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Question Clean Win10 advice (current Win7 but did install Win10 during free promotion upgrade)

Coup27

Platinum Member
Jul 17, 2010
2,138
2
81
Hi,

I am (still) using a genuine retail boxed copy of Windows 7 Home Premium and I am preparing to format and install Windows 10. When 10 was first released Microsoft ran a promotion that you could upgrade to 10 for free if you did it within 12 months. I did that upgrade and ran 10 for a little while but I didn't like it so I formatted and went back to 7 so I am hoping my motherboard still has a valid licence for 10. I have not changed CPU in that time.

I have found this link online to the official tool to install a clean copy. Is this the tool I want to use and will my system still be valid for a genuine licence?

My intention once I have finished preparing, downloading drivers, making backups etc is to secure erase my SSD using the Samsung boot utility and then install a clean copy of Windows 10.

Any other general advice is gratefully received. I remember when you first boot up 10 goes off and does its own thing with updates and all sorts. Is it best to just let it do all of that and then install drivers afterwards?

Thanks.
 

Insert_Nickname

Diamond Member
May 6, 2012
3,861
513
126
When you first install 10, do a manual search for updates, then leave the system alone for 30 minutes to an hour. That should take care of both updates, Store updates and WHQL drivers. It'll likely ask for a restart at some point, so do that when convenient. Then do another manual search for updates. Once the second is done do another restart, just to be on the safe side.

Since you're (presumably) using older hardware, you may consider disabling Hibernation/Fast Start. Older drivers sometime don't play nice with it, in my experience.

Then add drivers of your choice. Unless you have some exotic hardware in your system, out-of-the-box 10 support is pretty good. With the specific exception of pre-Ivy Bridge graphics, you may have to manually install an older 7 driver, as the included one pretty much nukes OpenGL support. If that's important. If you're using discrete graphics, you should be home free.

I did that upgrade and ran 10 for a little while but I didn't like it so I formatted and went back to 7 so I am hoping my motherboard still has a valid licence for 10. I have not changed CPU in that time.
The important component is your mainboard, not CPU, as activation is tied to the mainboard.

It should activate as soon as you get an internet connection. If it doesn't, you just provide your 7 key. Worst case, you have to call MS product activation, but that's no big issue.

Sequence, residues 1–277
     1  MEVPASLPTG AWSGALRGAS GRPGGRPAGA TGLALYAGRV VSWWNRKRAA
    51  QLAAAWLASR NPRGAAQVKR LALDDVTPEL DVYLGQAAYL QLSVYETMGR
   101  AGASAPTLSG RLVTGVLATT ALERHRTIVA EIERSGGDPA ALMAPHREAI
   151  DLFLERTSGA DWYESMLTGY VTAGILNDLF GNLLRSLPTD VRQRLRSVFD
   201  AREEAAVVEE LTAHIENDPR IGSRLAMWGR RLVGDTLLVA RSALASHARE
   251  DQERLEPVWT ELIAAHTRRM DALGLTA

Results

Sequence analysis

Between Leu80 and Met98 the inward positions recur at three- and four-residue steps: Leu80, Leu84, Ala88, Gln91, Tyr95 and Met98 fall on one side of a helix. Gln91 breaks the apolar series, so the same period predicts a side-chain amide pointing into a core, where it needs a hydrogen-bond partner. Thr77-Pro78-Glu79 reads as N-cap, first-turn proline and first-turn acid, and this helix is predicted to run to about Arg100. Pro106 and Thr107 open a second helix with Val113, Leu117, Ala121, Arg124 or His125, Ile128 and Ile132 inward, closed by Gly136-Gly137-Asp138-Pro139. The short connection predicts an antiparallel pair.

I have found this link online to the official tool to install a clean copy. Is this the tool I want to use and will my system still be valid for a genuine licence?
Do a quick google for "media creation tool". It should be the first result, just make sure its the correct language.
 

Coup27

Platinum Member
Jul 17, 2010
2,138
2
81
Thanks for your reply. I have an i5-4670 with an ASUS H87I-PLUS motherboard. It ran 10 fine years ago so it should be fine now. I do have discrete graphics, a GTX 960 so I presume I'm still best to install the latest driver from nvidia once Windows has finished updating itself?

The media creation tool seems different from the one I found. The one I found seems to be a Windows based application which installs 10 (cleanly, it claims). So I presume it asks you all the questions at the start while in your existing OS and then reboots your machine and installs 10? The media creation tool allows you to create a bootable disc or USB drive and install 10 in the more traditional way. I presume either approach would actually work for me?
 

Insert_Nickname

Diamond Member
May 6, 2012
3,861
513
126
Thanks for your reply. I have an i5-4670 with an ASUS H87I-PLUS motherboard. It ran 10 fine years ago so it should be fine now. I do have discrete graphics, a GTX 960 so I presume I'm still best to install the latest driver from nvidia once Windows has finished updating itself?
If you're playing up-to-date titles, then yes, that would be best.

For certain stability, the Windows Update ones are from a well tested branch. But may lack the latest features and optimization.

The media creation tool seems different from the one I found. The one I found seems to be a Windows based application which installs 10 (cleanly, it claims). So I presume it asks you all the questions at the start while in your existing OS and then reboots your machine and installs 10? The media creation tool allows you to create a bootable disc or USB drive and install 10 in the more traditional way. I presume either approach would actually work for me?
We're talking about the official MS one, right? Actually it'll allow you to do both. You can choose what to do when starting it. If you want a clean install, I'd recommend making a flash drive, and booting from that. (I think the H87 is new enough there is a choice of doing a "boot override" on it. There should be two options for your flash drive, you'll want to use the one reading "UEFI:flashdrivename". If you have have your boot disk using MBR, you'll have to use diskpart (or a 3rd party utility) to clean it first. Doing that requires an additional boot, but is relatively easy. Though not for the faint of heart)

For US English. You can change language at the bottom of the page.

https://www.microsoft.com/en-us/software-download/windows10
 

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